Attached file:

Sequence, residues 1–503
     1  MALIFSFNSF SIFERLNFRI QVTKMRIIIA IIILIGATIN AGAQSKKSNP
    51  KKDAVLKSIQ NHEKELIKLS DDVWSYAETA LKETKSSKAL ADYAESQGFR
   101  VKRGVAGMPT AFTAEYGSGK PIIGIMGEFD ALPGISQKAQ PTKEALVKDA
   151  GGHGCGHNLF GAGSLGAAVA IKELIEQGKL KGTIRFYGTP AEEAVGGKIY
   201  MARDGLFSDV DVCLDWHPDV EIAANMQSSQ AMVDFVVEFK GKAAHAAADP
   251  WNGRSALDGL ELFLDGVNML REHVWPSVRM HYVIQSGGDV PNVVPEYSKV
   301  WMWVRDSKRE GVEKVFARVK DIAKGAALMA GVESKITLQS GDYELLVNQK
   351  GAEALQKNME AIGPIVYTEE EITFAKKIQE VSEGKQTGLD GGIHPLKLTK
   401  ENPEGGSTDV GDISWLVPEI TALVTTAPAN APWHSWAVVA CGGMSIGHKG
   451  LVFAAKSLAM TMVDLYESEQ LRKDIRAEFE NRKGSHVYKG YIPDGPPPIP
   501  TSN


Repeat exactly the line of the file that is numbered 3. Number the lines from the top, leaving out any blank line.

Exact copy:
    51  KKDAVLKSIQ NHEKELIKLS DDVWSYAETA LKETKSSKAL ADYAESQGFR